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We describe the characterization of 126 atypical enteropathogenic Escherichia coli (aEPEC) isolates from 1,749 Brazilian children. Classic aEPEC strains were more frequently found in children with diarrhea than in controls (P < 0.001), showing their importance as acute diarrhea agents in our country. Only aEPEC strains carrying either the ehxA or paa gene were significantly associated with diarrhea.
Enteropathogenic Escherichia coli (EPEC), one of the six E. coli diarrheagenic pathotypes, produces an adherence factor chromosomally encoded by the eae (EPEC attaching and effacing) gene located within the locus for enterocyte effacement (LEE) pathogenicity island (15, 16, 18).
“Typical” EPEC strains contain, in addition to eae, the EPEC adherence factor (EAF) plasmid (4), which encodes the bundle-forming pili that mediate localized adherence to epithelial cells (9, 26). EPEC strains lacking the EAF plasmid have been designated “atypical” EPEC (aEPEC) (12). Whereas typical EPEC strains express only the virulence factors encoded by the LEE region and the EAF plasmid, aEPEC strains have additional virulence properties (11, 32).
Recently Afset et al. (2) described several virulence genes associated with diarrhea in aEPEC isolates from Norwegian children. In their study, genes belonging to the pathogenicity island OI-122 (efa1/lifA, nleB, nleE, and sen), present in the enterohemorrhagic E. coli (EHEC) reference strain EDL933 (17), and the gene for long polar fimbriae (lpfA) (10), found in EHEC O113 strains, were particularly frequent. Other genes, such as the porcine A/E-associated gene (paa) (5) and the EHEC hemolysin gene (ehxA) (27), were also found to be associated with diarrheal disease.
Other E. coli adhesion factors recently described include the protein ToxB, required for full adherence expression in EHEC O157:H7 (30); Iha, an adherence-conferring protein similar to Vibrio cholerae IrgA (29); Saa, an autoagglutinating adhesin identified in LEE-negative strains (22); and Spf, a sorbitol-fermenting EHEC O157 fimbria (8). In addition, we recently identified a diffuse adherence (lda) locus in an aEPEC strain of the O26 serogroup that codes for adherence to HEp-2 cells (25).
In this report, we describe the prevalence and virulence profile of aEPEC strains isolated from diarrhea patients and control subjects in several cities of Brazil from 1999 through 2004.
Stool specimens from 1,102 children under 2 years of age with diarrhea, presenting to the emergency room of public hospitals in seven cities representing different regions of Brazil, and 647 randomly selected children without any gastrointestinal symptoms from the same hospitals were studied. All specimens were investigated for the presence of enteric pathogens, such as diarrheagenic E. coli, Shigella species, Salmonella species, Yersinia enterocolitica, Campylobacter species, and rotavirus (24).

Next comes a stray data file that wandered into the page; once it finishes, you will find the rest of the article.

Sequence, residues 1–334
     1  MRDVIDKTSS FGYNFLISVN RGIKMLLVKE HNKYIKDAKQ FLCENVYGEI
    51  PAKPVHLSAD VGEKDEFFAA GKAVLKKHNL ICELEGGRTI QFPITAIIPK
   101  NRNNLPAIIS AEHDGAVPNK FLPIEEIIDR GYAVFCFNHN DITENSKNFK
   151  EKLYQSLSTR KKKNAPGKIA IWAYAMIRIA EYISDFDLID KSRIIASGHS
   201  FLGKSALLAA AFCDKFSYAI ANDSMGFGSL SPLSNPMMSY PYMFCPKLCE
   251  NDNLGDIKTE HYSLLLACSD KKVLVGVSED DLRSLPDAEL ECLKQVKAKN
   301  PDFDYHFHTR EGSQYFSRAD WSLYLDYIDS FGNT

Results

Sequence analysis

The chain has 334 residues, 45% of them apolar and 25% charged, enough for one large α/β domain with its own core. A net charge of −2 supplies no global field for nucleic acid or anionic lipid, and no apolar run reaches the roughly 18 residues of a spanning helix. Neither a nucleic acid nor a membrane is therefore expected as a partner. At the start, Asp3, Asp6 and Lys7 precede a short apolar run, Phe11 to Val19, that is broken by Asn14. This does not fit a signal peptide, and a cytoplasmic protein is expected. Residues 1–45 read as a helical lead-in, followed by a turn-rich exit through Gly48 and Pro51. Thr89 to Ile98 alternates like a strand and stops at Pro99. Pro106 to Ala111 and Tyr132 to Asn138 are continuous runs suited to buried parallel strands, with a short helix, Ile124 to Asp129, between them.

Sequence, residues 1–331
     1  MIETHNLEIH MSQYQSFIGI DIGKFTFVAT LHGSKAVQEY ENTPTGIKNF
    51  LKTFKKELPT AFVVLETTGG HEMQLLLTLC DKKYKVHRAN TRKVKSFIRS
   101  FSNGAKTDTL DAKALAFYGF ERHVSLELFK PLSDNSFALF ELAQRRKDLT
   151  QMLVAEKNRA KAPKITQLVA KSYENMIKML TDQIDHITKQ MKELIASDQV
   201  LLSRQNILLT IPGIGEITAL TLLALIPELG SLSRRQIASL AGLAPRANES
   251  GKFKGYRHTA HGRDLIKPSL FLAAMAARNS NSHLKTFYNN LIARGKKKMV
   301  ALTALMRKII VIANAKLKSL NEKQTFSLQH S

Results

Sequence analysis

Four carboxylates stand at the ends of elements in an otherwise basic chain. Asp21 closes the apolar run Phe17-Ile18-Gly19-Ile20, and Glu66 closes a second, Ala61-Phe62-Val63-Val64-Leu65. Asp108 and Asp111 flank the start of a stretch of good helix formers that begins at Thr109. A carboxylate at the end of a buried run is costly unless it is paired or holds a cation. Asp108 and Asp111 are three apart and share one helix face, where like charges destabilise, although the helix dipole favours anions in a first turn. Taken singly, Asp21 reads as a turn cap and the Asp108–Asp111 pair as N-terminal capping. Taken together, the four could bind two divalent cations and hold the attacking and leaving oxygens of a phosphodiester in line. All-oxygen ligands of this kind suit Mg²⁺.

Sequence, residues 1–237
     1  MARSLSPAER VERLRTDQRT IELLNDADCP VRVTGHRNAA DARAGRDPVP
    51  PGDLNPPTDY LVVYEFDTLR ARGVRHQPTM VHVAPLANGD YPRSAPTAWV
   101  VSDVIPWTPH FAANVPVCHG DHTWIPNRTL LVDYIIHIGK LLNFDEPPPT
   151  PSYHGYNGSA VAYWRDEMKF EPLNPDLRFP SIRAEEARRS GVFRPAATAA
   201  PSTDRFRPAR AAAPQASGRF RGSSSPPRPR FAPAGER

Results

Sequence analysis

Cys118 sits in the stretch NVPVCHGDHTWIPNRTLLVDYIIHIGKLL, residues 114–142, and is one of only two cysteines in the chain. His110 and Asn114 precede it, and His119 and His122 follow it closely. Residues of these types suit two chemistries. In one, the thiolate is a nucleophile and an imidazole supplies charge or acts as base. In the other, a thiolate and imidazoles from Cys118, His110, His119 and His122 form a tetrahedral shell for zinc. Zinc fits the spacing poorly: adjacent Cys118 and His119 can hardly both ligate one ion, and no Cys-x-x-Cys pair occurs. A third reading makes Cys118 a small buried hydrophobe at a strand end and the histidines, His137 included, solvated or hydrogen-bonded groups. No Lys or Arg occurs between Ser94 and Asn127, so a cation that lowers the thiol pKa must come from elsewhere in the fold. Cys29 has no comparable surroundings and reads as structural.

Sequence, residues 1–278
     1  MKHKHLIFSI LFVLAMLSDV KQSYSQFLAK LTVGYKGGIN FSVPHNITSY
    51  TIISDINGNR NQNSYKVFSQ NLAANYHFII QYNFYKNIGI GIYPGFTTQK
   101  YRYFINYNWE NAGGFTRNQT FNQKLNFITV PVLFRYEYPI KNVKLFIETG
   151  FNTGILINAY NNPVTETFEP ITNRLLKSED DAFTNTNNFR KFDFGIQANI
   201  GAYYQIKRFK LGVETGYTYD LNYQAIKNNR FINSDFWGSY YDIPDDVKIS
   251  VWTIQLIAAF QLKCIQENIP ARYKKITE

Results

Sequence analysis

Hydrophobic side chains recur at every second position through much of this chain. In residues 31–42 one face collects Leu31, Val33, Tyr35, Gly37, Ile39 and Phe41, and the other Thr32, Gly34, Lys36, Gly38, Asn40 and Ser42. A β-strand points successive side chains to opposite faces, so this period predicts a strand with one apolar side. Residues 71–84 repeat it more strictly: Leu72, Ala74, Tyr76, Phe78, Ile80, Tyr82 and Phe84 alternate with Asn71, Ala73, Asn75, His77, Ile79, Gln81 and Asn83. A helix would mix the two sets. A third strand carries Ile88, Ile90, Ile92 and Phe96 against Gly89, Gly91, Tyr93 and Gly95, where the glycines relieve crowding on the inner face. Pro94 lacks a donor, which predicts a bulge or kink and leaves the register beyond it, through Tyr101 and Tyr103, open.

Atypical EPEC strains were isolated, identified, and serotyped as described elsewhere (11). One isolate per subject was stored at −70°C.
aEPEC strains were screened by colony blot hybridization with 16 different DNA probes representing a panel of toxin, adhesin, and OI-122 genes. Fourteen DNA probes were prepared by PCR amplification from prototype strains. The genes, primers, amplicon size, PCR conditions, and prototype strains are given in Table Table1.1. Two DNA probes were prepared by plasmid extraction using the method of Birnboim and Doly (7) and digestion with appropriate restriction endonucleases. The cdt probe was a 1,357-bp fragment from plasmid pCVD448 (28), and the cnf probe was a 335-bp fragment of pEOSW1 (20). The probes were then purified by gel extraction (23) and labeled with [α-32P]dCTP, and colony hybridization assays were performed as described elsewhere (24).
A total of 126 aEPEC strains were isolated as the only pathogen in stool specimens from 92/1,102 (8.3%) children with diarrhea and 34/647 (5.2%) controls (P < 0.05). Forty-nine (38.9%) strains belonged to classical EPEC serotypes (O26, O55, O111, O119, O127, or O142), 35 (27.8%) were classified as non-EPEC serotypes, and 42 (33.3%) were untypeable (ONT) (Table (Table2).2). EPEC serotype strains were isolated significantly more often from patients than from controls (41 [3.7%] versus 8 [1.1%]; P < 0.001), while strains of non-EPEC serotypes and ONT occurred at similar frequencies in cases and controls (51 [4.6%] versus 26 [4.0%], respectively; P = 0.656).